- ISO Guide 73:2009 – Risk management'
Take note of these standards, as you’ll want to familiarise yourself with them independently to build up your knowledge of best practice IT security.
Figure 1: Information security
What is security?
Having looked at the main principles of information security, it’s now time to focus on what we’re trying to protect - assets. An asset is usually defined as 'anything that has value to the organisation'. Mission-critical information assets are often referred to as 'crown jewels'.
There are many different asset types, such as:
- Information: This refers to information stored on paper (e.g. contracts, correspondence, user manuals, and training manuals) or electronically (e.g. information on hard drives, USB sticks, video, mobile phones, and databases), or any other information - even conversations are information assets.
- Physical, such as a computer. Physical assets and hardware: These refer to any asset that can manipulate information, such as computers, mobile devices, server rooms, copper cables and fibre circuits.
- Services: This refers to the services that the computer systems depend upon, such as heating, cooling, power, lighting, etc.
- People, along with their qualifications, skills, and experience: People are the employees, owners and managers who carry with them all the skills and information regarding how the company operates.
- Intangibles, such as reputation, brand loyalty, and software: This includes operating systems, applications, and development tools. According to various accounting standards, if software is used to deliver goods and services, it can be classified as a tangible asset. An example would be the software that companies like Snapfish or Shutterfly use for their customers to generate various photo products that result in revenue for their businesses; this would be considered an example of intellectual property (IP).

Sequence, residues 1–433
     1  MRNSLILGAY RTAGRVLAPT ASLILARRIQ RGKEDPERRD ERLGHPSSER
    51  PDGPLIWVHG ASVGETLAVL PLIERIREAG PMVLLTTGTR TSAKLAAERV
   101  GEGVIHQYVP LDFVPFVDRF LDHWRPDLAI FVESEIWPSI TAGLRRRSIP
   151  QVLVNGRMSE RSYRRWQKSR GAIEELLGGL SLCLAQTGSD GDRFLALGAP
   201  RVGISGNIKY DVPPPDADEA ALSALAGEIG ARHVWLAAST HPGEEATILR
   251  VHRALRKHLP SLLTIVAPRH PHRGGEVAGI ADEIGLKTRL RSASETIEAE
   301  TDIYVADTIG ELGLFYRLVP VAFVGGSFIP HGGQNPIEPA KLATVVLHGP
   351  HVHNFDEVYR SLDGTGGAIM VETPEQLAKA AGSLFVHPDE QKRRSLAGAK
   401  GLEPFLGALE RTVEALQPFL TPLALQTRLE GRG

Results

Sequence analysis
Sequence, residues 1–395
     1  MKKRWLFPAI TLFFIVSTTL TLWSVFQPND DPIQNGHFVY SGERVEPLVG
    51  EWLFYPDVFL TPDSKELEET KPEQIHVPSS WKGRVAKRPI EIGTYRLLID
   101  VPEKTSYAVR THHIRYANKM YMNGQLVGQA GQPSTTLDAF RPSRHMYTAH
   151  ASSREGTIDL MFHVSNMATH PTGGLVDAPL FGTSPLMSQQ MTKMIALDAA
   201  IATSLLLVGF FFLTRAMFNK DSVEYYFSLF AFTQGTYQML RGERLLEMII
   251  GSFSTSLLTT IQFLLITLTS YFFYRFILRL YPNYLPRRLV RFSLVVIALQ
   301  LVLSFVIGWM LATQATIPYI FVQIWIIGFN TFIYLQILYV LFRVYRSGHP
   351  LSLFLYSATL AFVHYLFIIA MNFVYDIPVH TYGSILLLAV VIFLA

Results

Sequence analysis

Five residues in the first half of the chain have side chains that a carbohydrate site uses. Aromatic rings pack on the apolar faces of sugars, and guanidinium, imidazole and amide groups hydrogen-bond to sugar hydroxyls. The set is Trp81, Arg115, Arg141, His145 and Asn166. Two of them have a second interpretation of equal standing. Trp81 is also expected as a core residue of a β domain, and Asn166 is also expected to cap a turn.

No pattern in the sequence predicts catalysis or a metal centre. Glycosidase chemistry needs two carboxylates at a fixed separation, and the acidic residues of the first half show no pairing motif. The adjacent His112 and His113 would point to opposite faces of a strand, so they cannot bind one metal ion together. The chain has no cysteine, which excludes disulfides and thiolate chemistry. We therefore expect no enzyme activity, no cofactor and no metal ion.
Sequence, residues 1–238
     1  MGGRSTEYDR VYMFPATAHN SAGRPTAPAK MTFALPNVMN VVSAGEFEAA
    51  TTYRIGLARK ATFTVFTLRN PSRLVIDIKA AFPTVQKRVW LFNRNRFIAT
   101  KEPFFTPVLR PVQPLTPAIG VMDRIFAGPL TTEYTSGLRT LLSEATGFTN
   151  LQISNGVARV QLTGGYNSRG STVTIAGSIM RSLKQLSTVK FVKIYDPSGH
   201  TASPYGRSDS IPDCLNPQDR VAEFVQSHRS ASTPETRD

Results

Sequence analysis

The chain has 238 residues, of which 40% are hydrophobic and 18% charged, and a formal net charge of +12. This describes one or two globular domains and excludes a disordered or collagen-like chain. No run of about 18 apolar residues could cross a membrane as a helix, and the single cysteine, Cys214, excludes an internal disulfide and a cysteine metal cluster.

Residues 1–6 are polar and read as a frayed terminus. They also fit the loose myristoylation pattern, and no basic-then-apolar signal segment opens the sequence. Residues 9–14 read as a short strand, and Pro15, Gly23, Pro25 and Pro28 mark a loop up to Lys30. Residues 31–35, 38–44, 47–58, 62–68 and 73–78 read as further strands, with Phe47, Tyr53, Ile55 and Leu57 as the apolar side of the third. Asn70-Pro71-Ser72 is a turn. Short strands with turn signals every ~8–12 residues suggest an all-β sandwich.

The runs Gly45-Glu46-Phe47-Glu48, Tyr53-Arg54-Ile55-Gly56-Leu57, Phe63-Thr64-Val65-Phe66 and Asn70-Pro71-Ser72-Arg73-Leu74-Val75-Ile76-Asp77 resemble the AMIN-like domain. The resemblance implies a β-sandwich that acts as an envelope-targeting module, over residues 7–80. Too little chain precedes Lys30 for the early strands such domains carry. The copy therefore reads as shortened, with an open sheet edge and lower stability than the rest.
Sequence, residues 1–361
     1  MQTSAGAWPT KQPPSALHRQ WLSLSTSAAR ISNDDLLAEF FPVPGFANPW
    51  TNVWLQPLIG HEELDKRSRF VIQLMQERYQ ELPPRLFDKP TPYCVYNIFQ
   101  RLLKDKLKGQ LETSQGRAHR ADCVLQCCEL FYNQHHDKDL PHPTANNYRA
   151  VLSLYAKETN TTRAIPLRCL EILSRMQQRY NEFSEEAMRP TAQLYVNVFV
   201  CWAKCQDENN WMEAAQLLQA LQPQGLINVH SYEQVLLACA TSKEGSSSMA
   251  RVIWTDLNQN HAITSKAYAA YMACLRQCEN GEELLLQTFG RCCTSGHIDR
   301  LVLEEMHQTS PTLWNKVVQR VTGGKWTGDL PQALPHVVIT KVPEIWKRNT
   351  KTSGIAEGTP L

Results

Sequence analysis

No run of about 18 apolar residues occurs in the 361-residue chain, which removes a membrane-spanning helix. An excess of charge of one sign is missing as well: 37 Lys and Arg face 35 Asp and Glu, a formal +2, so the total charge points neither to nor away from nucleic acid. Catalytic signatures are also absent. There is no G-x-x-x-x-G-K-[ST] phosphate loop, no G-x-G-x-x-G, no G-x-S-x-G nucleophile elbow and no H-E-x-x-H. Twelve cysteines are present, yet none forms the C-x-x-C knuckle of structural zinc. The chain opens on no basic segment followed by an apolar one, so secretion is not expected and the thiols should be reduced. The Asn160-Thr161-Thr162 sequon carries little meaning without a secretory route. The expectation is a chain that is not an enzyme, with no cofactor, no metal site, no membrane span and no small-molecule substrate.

Examples of crown jewels would include:
- The secret plans for a new product
- The reputation of the company in providing a high-availability communications service
- Customer data
Protection of information assets
There are also other assets to take care of. These include: analogue – paper or microfiche, and digital.
As well as the information itself, you’ll need to protect:
- The media it’s stored on, for example paper, magnetic disk or optical disk
- The devices that process it, like PCs, tablets, readers and printers
- How it’s transported, for example through wired networks, wireless networks and courier companies
- The places and people involved in processing, storing and handling it, like data centres, offices and key members of staff
Note: Most information is now digital and stored on computer systems.
Now that you know what information security is, you will look at some principles of information security.
In this course, you’ll be looking at numerous aspects of the risk matrix including the risk and threats involved in big data, the Internet of Things (IoT), the dark web and social media. You'll also be exploring threat intelligence, unified threat management (UTM), and security risk. You'll also see how you can use open-source intelligence (OSINT) and Dark Web Threat Intelligence to help you establish, improve and refine your risk treatment. All of this ensures that your organisation is protected from and alert to the constantly evolving series of information security threats.
However, before you go on to threat management, let's first review risk and see how it relates to cyber security.